As negotiators meet at the twenty-first Conference of Parties (COP21) in Paris to try to agree on an emissions path that will limit the rise in global temperatures to less than two degrees above pre-industrial levels, a Perspective article published online this week in Nature Geoscience reports that this target, although perceived as a universally accepted goal, has not been scientifically assessed or defended. Reto Knutti and colleagues present a critique of the two-degree climate target and argue that attention should turn to mitigating dangerous emissions instead of debating particular temperature objectives.
Irrespective of the temperature target, evidence suggests that the rapid rise in global carbon dioxide emissions from industry and fossil fuel burning since 2000 has slowed markedly, or even reversed, in the past two years. According to data presented in a Commentary in Nature Climate Change, this comes despite continuing economic growth. Robert Jackson and colleagues suggest that this decoupling of emissions from economic growth could stem from some emerging and established economies moving away from using coal and towards using renewable energy sources, which suggests that this emissions trend might continue. However, they caution that uncertainties in emissions over the coming decades, particularly in China, make it difficult to determine if the peak in annual global emissions has yet been reached.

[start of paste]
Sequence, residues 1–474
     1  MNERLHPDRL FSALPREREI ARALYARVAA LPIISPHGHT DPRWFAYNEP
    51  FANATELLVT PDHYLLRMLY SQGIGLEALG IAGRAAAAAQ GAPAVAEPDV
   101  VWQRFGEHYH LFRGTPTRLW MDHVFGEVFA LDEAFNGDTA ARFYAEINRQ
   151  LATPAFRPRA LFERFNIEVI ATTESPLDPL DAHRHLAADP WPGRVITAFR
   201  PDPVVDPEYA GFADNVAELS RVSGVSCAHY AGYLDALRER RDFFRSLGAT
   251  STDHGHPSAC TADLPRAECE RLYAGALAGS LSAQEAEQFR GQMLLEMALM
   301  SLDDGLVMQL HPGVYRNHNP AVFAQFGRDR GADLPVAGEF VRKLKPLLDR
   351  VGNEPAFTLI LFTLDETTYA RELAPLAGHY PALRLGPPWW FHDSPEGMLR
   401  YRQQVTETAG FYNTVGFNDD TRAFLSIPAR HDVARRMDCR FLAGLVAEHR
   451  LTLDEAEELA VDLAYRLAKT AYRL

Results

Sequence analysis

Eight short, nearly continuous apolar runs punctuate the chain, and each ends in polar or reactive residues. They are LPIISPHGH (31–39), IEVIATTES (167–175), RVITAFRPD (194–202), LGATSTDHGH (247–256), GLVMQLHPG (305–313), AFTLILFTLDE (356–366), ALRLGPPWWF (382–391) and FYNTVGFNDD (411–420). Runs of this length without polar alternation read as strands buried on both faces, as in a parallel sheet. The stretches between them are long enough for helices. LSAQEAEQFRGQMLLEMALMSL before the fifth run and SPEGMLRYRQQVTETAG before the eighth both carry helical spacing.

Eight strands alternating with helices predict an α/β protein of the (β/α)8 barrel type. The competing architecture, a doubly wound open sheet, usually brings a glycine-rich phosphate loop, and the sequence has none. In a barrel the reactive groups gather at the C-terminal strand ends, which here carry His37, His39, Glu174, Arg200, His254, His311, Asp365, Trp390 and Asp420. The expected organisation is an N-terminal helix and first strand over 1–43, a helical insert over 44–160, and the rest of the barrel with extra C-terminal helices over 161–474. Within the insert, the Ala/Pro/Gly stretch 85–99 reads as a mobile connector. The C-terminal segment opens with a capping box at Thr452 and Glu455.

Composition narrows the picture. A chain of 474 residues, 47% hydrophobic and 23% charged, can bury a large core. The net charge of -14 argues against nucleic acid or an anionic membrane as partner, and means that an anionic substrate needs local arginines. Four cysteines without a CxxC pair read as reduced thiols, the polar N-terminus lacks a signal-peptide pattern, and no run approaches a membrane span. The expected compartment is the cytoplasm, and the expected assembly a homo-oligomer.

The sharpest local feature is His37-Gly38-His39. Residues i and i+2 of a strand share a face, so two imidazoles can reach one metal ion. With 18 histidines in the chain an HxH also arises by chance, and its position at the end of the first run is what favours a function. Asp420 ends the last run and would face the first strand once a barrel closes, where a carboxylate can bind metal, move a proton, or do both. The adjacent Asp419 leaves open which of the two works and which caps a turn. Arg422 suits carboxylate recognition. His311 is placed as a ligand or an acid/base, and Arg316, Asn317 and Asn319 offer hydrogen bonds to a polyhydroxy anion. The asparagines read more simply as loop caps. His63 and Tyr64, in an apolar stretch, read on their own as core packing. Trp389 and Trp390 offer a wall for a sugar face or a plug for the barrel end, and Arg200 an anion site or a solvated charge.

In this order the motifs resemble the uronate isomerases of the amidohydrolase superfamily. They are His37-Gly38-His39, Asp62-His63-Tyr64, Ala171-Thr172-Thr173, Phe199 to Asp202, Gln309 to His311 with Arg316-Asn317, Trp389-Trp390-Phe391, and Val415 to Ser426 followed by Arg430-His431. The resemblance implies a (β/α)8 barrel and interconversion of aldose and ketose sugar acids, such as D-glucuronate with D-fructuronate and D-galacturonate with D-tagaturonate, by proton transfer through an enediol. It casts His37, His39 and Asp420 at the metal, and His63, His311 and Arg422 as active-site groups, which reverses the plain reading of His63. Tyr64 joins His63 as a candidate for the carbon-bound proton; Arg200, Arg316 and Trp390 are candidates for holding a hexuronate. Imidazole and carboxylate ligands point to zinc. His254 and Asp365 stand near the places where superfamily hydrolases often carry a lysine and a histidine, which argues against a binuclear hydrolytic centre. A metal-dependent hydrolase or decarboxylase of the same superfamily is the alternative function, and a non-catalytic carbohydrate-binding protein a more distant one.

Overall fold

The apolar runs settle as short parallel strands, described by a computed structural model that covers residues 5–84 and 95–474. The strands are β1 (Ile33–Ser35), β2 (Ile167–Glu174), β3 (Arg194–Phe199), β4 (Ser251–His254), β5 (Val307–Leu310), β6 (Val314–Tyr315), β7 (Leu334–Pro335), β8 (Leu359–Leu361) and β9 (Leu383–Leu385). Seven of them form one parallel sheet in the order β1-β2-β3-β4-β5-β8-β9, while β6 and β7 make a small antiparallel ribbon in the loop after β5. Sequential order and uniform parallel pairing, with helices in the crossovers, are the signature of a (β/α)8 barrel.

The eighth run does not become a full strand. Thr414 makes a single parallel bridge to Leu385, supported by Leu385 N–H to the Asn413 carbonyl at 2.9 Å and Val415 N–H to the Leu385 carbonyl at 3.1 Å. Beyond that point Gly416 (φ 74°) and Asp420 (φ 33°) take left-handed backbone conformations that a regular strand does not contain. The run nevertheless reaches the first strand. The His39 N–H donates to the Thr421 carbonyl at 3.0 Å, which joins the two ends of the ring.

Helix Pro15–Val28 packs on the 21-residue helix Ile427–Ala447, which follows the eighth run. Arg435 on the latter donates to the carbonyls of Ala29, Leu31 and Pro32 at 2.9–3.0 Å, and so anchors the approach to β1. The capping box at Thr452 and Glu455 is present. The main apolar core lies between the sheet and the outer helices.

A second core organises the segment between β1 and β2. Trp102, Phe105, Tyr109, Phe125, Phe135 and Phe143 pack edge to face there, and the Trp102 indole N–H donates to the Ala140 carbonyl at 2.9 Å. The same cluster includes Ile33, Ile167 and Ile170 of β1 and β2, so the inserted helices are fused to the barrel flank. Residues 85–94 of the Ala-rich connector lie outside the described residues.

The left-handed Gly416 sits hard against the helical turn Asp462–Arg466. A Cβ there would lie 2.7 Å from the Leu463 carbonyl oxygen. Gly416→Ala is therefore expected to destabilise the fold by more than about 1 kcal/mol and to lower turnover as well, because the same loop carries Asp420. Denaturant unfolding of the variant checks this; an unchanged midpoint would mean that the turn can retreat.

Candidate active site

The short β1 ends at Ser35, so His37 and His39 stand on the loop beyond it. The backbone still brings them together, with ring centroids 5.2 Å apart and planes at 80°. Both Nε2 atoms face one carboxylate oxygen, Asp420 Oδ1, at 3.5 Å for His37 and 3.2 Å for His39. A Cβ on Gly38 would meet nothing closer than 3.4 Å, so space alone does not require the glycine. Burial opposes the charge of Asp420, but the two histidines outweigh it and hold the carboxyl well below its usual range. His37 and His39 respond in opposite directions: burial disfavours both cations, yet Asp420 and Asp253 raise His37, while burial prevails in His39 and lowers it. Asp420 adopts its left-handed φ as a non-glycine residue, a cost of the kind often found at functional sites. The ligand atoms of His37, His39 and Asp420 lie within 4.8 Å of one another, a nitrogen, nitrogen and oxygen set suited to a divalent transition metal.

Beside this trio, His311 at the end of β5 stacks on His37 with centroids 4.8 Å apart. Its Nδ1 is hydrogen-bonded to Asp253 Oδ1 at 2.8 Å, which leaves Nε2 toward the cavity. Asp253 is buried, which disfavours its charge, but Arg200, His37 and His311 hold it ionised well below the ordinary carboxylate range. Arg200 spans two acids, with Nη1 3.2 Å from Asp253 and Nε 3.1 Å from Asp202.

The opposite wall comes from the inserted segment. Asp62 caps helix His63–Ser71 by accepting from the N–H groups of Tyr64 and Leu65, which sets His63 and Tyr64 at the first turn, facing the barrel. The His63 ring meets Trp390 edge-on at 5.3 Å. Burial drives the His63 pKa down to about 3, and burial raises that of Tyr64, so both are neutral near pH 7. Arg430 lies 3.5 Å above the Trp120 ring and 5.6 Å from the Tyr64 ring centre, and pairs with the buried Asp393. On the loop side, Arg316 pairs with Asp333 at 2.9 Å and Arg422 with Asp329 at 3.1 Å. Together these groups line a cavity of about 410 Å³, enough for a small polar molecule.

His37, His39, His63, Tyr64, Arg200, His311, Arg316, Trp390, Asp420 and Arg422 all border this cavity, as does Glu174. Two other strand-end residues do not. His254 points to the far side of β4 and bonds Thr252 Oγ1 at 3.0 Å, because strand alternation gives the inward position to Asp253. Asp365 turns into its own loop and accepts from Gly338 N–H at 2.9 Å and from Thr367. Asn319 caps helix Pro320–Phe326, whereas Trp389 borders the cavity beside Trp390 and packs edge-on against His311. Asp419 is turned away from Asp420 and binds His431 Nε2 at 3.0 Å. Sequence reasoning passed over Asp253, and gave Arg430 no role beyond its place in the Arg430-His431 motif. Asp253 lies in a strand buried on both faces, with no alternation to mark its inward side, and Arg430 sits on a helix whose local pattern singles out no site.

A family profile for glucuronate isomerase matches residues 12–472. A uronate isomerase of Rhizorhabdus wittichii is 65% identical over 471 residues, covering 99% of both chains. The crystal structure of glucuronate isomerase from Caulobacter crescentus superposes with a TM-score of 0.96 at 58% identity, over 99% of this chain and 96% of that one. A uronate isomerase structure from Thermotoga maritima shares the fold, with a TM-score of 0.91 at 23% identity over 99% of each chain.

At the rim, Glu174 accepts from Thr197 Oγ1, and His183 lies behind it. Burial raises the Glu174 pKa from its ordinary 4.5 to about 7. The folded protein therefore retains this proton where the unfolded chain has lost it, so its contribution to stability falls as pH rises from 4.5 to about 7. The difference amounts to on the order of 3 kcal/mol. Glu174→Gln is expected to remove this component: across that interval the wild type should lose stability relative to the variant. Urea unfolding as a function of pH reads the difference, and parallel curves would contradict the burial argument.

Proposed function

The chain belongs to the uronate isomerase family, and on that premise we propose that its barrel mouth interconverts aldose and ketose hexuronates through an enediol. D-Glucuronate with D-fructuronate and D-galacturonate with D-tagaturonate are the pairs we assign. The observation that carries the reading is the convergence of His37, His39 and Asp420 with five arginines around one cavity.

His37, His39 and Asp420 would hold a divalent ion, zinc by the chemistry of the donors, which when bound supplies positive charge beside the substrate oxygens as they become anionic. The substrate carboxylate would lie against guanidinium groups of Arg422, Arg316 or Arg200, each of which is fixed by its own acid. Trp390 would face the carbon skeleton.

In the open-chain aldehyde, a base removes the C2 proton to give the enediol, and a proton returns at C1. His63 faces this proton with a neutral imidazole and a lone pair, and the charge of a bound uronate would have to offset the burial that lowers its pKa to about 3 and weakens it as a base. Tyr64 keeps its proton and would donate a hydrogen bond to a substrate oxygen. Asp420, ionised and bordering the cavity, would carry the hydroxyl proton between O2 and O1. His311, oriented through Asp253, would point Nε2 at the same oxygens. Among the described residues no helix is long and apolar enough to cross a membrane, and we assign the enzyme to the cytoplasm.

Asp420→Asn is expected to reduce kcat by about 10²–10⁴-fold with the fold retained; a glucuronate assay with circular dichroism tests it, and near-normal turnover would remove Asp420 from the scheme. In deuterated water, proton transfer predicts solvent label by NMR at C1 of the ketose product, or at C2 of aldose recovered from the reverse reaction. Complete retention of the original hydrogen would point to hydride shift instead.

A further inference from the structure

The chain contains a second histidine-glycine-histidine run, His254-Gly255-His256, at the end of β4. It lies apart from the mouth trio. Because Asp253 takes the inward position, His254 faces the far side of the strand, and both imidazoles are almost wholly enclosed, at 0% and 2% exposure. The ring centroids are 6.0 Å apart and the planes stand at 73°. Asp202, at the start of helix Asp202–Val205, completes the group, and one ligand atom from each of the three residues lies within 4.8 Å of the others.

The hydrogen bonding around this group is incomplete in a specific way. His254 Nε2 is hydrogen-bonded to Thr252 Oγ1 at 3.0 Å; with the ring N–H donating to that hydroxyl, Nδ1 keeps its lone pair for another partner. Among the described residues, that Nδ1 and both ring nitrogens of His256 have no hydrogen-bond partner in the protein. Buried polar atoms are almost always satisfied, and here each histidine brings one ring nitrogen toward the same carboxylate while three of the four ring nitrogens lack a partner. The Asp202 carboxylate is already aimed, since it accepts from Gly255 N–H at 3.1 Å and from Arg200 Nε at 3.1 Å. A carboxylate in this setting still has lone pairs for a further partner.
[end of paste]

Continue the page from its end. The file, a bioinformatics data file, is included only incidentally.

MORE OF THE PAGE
Relying on technologies that remove greenhouse gasses from the atmosphere-known as negative emissions technologies (NETs)-to play a major role in the mitigation of these emissions is a high-risk strategy, notes a Review in Nature Climate Change. Pete Smith and colleagues assess the potential risks and opportunities of different NETs, and suggest that aiming to aggressively reduce emissions as soon as possible remains the safest strategy.
Climate change litigation may have a role to play in realizing that strategy, suggest James Thornton and Howard Covington in a Commentary in Nature Geoscience. Using past relevant legal cases, they outline an approach that could, in the future, lead to court orders to restrict greenhouse gas emissions from significant contributors to climate change.
Finally, in another Commentary in Nature Geoscience, Katharine Ricke and colleagues argue that ambitious and early climate change mitigation is key-particularly for sectors where the impact of climate change increases rapidly at relatively low levels of warming, but then slows or levels off as temperatures continue to rise.
The articles are part of a joint Nature Geoscience and Nature Climate Change web focus on the topic ‘budgeting for climate change’, and will be added to an online collection of Commentaries, Reviews and news articles from Nature Publishing Group, published and collated to coincide with COP21 (http://www.nature.com/ngeo/focus/budgeting-for-climate-change/index.htmland http://www.nature.com/nclimate/focus/budgeting-for-climate-change/index.html).